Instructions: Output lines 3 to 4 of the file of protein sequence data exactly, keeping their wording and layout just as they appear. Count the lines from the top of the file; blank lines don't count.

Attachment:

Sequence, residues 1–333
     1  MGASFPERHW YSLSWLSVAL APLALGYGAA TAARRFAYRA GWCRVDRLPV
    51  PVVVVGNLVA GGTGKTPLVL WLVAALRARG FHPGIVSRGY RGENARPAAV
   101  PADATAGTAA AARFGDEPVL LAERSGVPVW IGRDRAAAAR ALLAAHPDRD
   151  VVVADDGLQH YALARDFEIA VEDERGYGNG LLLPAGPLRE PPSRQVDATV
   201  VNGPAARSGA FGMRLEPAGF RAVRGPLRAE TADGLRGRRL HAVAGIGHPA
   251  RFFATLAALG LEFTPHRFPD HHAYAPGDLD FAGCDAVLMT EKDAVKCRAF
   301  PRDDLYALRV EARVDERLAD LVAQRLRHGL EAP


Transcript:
    51  PVVVVGNLVA GGTGKTPLVL WLVAALRARG FHPGIVSRGY RGENARPAAV
   101  PADATAGTAA AARFGDEPVL LAERSGVPVW IGRDRAAAAR ALLAAHPDRD